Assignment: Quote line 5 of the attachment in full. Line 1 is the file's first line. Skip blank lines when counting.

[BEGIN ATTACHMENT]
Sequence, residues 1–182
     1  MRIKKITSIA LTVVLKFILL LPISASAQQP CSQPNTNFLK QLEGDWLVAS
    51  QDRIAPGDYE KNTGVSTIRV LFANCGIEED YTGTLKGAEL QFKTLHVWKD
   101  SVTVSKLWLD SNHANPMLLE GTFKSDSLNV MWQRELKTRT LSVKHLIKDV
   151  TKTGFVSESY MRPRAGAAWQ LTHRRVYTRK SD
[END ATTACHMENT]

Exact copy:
   151  TKTGFVSESY MRPRAGAAWQ LTHRRVYTRK SD